In In re BP Lubricants USA Inc., [Misc. 960](March 15, 2011) the Federal Circuit granted BP Lubricant’s Petition for a writ of mandamus directing the U.S. District Court for the Northern District of Illinois to dismiss a complaint for false patent marking under 35 USC §292 filed against BP. The Federal Circuit held that FRCP 9(b)’s particularity requirement applies to false marking claims, and that a complaint alleging false marking is insufficient when it only asserts conclusory allegations that a defendant is a “sophisticated company” and “knew or should have known” that the patent expired. Because this was the first time that the Federal Circuit held that FRCP 9 applies to pleading false marking, the District Court was instructed to grant defendant leave to amend the Complaint.
A few weeks ago on February 28, 2011, Judge Polster of the Northern District of Ohio held that the qui tam provision of the statute violates the “take care” clause of the U.S. Constitution. Unique Product Solutions, LTD. v. Hy-Grade Valve, Inc., Civil Action No. 5:10-cv-1912). The “take care” clause of the U.S. Constitution, Art. II, § 3, provides that the Executive Branch “shall take Care that the Laws be faithfully executed.” Judge Polster found that §292 did not provide sufficient controls by the Executive Branch over actions for patent mismarking, distinguishing other cases where the constitutionality of the statue had been upheld. The constitutionality of the current patent mismarking statue may be decided by the Federal Circuit later this year United States ex rel. FLFMC, LLC v. Wham-O, Inc., (Case No. 2011-1067).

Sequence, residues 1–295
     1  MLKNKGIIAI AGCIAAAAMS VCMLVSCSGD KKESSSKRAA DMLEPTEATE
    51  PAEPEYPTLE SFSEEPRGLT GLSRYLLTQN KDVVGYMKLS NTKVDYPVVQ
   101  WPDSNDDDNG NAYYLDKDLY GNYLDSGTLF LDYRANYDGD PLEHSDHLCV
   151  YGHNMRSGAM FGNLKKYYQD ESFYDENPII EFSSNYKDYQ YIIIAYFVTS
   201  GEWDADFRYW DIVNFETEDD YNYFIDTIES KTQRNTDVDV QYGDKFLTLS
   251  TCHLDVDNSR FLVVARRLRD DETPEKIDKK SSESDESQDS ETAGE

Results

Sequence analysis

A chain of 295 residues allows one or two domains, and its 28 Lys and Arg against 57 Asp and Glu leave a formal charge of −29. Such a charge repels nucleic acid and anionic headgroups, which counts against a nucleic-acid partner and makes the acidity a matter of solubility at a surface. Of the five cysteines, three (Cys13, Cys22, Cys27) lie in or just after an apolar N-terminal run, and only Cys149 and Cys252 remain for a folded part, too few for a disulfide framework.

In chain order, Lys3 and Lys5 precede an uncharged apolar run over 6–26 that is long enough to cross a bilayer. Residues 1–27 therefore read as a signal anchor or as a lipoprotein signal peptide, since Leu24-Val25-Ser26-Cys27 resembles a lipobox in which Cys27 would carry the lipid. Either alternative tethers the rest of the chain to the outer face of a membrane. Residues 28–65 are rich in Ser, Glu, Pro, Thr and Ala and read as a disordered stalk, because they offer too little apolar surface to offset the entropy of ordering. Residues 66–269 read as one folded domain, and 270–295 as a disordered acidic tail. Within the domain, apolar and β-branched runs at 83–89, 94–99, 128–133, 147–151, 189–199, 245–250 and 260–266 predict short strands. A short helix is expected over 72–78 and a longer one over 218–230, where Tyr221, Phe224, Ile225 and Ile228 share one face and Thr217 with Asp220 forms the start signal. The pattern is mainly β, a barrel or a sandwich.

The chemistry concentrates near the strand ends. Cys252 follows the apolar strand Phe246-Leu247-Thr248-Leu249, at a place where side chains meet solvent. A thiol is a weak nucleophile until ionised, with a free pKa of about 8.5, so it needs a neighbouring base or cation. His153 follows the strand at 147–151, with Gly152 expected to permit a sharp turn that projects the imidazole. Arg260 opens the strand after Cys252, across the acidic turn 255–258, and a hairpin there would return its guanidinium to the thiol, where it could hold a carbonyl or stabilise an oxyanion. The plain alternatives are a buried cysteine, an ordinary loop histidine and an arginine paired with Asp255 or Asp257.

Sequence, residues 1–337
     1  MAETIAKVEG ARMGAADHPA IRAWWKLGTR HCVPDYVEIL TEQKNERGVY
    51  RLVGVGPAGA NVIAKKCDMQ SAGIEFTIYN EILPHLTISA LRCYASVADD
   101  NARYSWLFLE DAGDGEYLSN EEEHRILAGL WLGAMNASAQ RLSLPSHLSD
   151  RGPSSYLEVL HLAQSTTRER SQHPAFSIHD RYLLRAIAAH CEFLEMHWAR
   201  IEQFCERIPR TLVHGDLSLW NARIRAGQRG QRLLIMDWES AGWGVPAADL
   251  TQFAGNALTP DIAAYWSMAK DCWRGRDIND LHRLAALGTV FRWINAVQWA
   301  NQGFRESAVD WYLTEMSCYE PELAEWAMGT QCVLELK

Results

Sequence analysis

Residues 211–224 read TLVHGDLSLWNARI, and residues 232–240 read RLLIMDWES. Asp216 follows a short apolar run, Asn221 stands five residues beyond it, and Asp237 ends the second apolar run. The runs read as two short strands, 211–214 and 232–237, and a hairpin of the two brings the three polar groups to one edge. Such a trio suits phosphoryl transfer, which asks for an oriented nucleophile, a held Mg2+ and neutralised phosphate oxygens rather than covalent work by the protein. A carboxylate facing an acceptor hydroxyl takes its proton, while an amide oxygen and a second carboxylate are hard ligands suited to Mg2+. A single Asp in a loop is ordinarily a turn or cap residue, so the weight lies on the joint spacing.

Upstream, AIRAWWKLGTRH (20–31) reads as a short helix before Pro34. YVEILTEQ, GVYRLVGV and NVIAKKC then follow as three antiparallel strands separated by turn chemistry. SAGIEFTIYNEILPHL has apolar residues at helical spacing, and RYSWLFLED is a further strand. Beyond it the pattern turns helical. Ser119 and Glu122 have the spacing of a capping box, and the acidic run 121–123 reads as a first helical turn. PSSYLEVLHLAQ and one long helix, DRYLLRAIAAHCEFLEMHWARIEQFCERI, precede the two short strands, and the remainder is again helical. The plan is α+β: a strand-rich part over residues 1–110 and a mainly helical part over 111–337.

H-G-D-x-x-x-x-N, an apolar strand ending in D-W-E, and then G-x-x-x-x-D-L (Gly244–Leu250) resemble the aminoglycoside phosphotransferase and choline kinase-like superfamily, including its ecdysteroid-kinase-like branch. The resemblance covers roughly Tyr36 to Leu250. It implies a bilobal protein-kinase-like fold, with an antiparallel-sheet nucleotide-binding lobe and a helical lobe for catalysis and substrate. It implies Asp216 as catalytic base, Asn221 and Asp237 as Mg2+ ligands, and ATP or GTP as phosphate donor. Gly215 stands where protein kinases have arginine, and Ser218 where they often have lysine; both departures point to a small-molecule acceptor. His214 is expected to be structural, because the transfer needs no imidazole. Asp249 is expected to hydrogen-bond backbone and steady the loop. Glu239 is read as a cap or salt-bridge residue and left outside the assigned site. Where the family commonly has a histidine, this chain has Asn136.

On the legislative front, Congress is acting slowly to stem this opportunistic litigation. The Patent Reform legislation (recently passed by the Senate) restricts private mismarking claims to persons who suffer “a competitive injury” as a result of the mismarking. At least in the case of an expired patent, it is difficult to see any injury arising from “mismarking,” and it is arguably a benefit to competitors. The status of the patent can be quickly determined, and having the patent number is a tremendous advantage in addressing freedom to practice questions.
With increased pleading requirements making the assertion of mismarking claims more difficult, and the mismarking statute at risk of being declared invalid or being replaced, the end of this non-productive, opportunistic litigation may finally be in sight.